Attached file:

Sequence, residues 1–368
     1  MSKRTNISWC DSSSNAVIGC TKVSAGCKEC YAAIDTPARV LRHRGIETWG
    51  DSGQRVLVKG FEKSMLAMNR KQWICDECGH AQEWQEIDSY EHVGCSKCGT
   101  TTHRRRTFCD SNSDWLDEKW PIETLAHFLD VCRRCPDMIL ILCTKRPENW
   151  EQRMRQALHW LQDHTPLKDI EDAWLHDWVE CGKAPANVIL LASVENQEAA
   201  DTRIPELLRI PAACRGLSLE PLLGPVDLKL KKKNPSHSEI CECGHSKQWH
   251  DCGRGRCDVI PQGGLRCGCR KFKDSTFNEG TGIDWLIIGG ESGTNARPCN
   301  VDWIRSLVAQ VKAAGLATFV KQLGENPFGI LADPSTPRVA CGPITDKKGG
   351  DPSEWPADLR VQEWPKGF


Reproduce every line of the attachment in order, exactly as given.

Sequence, residues 1–368
     1  MSKRTNISWC DSSSNAVIGC TKVSAGCKEC YAAIDTPARV LRHRGIETWG
    51  DSGQRVLVKG FEKSMLAMNR KQWICDECGH AQEWQEIDSY EHVGCSKCGT
   101  TTHRRRTFCD SNSDWLDEKW PIETLAHFLD VCRRCPDMIL ILCTKRPENW
   151  EQRMRQALHW LQDHTPLKDI EDAWLHDWVE CGKAPANVIL LASVENQEAA
   201  DTRIPELLRI PAACRGLSLE PLLGPVDLKL KKKNPSHSEI CECGHSKQWH
   251  DCGRGRCDVI PQGGLRCGCR KFKDSTFNEG TGIDWLIIGG ESGTNARPCN
   301  VDWIRSLVAQ VKAAGLATFV KQLGENPFGI LADPSTPRVA CGPITDKKGG
   351  DPSEWPADLR VQEWPKGF